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NYC 2024 or 2028


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Ugh. The stadium was not the problem. Everything else (money disputes, another American Games, revolving door leadership, lack of a story) was the problem.

TOTALLY agree w/ Rols. The next American bid must NOT be in-your-face red, white and blue. It must be a celebration of the world. We are a nation of immigrants and any of the big four can tell that story (NYC, SF, Chicago, LA). The message needs to be, "It's not about US. It's about YOU." More than ever, the Games would be a celebration of global diversity. They would be Games with HEART.

That's a story that would appeal to the IOC. Throw in some meaningful infrastructure improvements and favorable timing for the bid and you're good to go.

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What are the thoughts on NYC 2028 now?

I'm definitely for it considering I live in NYC. Regarding a stadium and Olympic park, the short lived 2024 proposal called for an Olympic park in Queens on top of the Sunnyside rail yards. This plan could work but it would be expensive.
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I'm definitely for it considering I live in NYC. Regarding a stadium and Olympic park, the short lived 2024 proposal called for an Olympic park in Queens on top of the Sunnyside rail yards. This plan could work but it would be expensive.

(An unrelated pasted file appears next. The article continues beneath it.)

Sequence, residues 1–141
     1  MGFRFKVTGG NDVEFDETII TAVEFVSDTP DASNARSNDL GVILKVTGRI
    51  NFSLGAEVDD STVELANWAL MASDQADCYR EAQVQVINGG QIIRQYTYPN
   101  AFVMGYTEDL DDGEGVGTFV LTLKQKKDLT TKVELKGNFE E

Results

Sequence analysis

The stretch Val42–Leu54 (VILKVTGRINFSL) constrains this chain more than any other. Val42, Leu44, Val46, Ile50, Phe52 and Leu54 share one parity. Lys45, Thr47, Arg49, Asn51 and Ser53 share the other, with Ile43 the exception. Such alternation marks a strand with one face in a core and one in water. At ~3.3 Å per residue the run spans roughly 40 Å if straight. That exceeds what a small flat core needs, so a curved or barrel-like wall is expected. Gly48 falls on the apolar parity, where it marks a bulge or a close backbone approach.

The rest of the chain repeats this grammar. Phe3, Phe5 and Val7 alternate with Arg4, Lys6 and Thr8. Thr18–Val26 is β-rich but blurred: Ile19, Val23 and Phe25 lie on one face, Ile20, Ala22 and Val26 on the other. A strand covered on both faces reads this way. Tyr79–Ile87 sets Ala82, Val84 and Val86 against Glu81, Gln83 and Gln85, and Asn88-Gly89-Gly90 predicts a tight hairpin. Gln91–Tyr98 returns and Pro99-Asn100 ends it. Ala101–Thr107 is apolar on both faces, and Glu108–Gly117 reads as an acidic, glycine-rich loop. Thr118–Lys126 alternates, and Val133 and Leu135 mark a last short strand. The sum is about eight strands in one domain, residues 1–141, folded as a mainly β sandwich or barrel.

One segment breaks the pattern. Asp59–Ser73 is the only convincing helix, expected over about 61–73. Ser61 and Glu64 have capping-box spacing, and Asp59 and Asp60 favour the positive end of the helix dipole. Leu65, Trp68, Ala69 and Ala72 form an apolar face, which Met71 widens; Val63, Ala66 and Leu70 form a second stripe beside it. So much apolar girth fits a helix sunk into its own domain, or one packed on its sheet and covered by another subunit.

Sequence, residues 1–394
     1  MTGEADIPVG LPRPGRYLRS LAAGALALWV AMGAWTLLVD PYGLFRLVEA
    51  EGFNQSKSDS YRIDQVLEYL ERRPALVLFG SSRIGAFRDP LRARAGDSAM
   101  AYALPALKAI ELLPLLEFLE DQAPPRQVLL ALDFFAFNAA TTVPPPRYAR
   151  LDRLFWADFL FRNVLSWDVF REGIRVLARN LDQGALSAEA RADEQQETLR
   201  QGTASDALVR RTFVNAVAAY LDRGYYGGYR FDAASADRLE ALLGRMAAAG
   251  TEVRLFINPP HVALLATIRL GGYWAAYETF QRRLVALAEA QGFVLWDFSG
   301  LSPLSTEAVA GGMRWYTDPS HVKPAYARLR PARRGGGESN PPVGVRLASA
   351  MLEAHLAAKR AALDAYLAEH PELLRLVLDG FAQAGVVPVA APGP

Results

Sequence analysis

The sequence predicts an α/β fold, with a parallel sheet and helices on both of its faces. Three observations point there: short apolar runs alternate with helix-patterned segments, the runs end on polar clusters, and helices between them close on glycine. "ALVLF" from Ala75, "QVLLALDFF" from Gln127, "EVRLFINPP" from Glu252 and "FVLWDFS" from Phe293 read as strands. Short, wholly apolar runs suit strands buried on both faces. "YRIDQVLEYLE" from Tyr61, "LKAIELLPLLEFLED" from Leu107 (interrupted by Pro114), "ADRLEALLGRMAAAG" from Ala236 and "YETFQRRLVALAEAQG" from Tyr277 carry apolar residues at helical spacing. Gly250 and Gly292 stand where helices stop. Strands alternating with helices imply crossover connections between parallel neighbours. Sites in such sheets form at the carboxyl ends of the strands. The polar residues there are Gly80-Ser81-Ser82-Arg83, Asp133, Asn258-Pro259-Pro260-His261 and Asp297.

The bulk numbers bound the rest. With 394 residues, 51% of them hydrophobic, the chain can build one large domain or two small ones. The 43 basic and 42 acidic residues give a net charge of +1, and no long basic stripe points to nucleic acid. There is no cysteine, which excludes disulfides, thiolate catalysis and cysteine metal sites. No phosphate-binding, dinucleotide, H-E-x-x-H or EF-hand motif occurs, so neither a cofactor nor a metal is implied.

One of the issues with the 2012 proposal is that it was centered around a Manhattan plan. Had it been a Queens plan from the get go, things may have been different - perhaps if it were sold as a means of primarily helping redevelop parts of the outer boroughs. NYC 2012 looked bad b/c they had to change it all last minute. Like you, I believe a Queens park proposal would make for the best attempt. But like Boston, NYC residents have what seems to be an innate cynicism when it comes to these grand proposals. NYC got further along in the process for 2012 than Boston for 2024 but, in both cases, we saw major ultimate public opposition. I'd like to see a NYC games sometime. But I wouldn't put $$$ on it happening.